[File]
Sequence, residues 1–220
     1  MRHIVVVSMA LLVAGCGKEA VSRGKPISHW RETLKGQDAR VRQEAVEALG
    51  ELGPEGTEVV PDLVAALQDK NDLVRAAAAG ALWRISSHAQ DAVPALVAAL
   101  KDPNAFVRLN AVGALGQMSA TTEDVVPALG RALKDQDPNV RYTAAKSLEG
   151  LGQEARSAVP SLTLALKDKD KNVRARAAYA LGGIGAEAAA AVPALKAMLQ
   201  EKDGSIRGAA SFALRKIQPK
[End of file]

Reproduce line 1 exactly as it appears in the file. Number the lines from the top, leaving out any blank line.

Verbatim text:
Sequence, residues 1–220